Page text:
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Associated Press, Published November 12 2009

Crop estimate may ease harvest fears

BISMARCK – Newly released estimates for U.S. wheat, corn and soybean crops may put to rest fears that a wet harvest season in many parts of the country could cut into production.

Late-season rains had delayed harvest of small grains in many areas, raising concerns about whether farmers’ record crops might die in the fields. But U.S. Department of Agriculture crop estimates released Tuesday show little change over the past month, and analysts now expect little – if any – changes in prices for either farmers or consumers.

The crop estimates “came mostly within expectations,” said John Sanow, an analyst with the Omaha, Neb.-based market information company DTN.

Estimated U.S. spring wheat production is down less than 1 percent from the Sept. 30 estimate and durum wheat production is down 1 percent. Total production of all types of wheat is virtually unchanged at 2.22 billion bushels.

U.S. production of both oats and barley also is almost unchanged from September, and the new figures for corn and soybeans vary only slightly from the Oct. 9 report.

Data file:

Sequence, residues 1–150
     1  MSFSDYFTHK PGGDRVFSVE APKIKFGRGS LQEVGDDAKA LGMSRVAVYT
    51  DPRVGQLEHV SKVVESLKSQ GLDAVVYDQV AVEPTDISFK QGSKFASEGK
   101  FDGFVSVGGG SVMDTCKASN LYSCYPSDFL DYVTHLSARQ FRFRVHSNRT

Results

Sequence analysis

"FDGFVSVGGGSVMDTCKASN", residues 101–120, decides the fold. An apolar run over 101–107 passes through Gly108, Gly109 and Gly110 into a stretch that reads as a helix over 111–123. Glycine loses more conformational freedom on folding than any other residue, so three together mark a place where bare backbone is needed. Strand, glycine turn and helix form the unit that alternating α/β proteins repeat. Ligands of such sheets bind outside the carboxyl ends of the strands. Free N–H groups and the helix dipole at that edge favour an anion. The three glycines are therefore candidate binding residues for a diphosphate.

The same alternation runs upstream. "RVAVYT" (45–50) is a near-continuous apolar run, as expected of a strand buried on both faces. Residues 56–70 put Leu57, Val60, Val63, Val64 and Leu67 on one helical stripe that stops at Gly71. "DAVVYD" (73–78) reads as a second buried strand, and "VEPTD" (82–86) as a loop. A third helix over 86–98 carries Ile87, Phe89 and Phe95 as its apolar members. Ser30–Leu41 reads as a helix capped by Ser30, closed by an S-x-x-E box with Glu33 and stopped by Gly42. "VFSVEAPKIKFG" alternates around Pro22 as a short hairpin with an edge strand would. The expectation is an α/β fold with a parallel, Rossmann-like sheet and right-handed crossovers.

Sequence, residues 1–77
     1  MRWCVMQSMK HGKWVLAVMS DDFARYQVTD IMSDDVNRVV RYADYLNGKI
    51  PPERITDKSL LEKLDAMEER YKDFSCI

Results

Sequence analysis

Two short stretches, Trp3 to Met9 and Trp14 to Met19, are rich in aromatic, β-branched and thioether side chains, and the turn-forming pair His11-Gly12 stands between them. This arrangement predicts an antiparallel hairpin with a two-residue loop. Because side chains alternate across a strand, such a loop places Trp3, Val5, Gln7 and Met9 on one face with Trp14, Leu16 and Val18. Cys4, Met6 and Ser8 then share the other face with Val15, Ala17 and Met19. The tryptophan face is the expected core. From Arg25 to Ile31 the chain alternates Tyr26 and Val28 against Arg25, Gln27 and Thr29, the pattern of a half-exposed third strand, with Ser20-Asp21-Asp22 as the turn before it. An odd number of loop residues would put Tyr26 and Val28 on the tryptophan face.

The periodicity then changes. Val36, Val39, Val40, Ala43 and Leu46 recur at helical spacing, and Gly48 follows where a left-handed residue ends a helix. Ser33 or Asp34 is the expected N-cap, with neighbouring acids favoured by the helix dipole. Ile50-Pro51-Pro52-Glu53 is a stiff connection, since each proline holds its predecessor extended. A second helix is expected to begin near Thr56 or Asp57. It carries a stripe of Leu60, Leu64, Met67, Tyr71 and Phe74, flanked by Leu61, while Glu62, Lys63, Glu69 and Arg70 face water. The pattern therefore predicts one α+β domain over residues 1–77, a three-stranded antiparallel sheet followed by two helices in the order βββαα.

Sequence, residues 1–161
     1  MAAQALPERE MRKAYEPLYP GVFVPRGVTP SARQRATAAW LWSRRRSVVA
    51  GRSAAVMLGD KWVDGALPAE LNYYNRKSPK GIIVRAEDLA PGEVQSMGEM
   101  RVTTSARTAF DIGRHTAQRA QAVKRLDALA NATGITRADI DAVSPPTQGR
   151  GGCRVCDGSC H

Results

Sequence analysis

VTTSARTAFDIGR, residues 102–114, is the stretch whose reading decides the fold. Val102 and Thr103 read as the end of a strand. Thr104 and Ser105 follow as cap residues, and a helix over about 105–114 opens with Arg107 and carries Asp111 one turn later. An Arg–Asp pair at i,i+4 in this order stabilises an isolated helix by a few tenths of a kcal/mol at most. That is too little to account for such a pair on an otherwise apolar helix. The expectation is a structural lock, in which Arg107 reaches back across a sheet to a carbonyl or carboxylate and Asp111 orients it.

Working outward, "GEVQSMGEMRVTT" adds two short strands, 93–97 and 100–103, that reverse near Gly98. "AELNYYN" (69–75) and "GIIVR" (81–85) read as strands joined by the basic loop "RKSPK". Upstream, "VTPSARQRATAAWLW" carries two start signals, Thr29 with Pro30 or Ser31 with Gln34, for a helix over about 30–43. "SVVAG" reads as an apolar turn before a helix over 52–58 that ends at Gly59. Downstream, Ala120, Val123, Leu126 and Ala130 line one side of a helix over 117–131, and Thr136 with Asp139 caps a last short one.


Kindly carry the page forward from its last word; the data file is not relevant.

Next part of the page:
The late September small grains summary, based on farmer surveys, usually is USDA’s final word on production. This year, the agency took the uncommon step of re-contacting farmers in Idaho, Minnesota, Montana, North Dakota and Wyoming in late October because wet weather during the initial survey period in September had significantly delayed harvest in some areas. That meant many farmers had to guess at how much of their crop they would be able to harvest.

Meanwhile, North Dakota’s dry pea and lentil crops are expected to set records this year.

The Agriculture Department is projecting the state’s pea crop at 11.5 million hundredweight, up 46 percent from last year, and the lentil crop at 2.54 million hundredweight, more than triple the size of last year’s crop. Drought was a problem for the 2008 crop.

This year’s state soybean crop is forecast at 116 million bushels, up 10 percent from a year ago, thanks to an increase in harvested acres and yield.

The corn crop in North Dakota is pegged at 212 million bushels, down 26 percent from last year’s record high. Officials say harvested acres are down 24 percent.

Fall potato production in the state is estimated at 18.8 million hundredweight, down 17 percent from last year.

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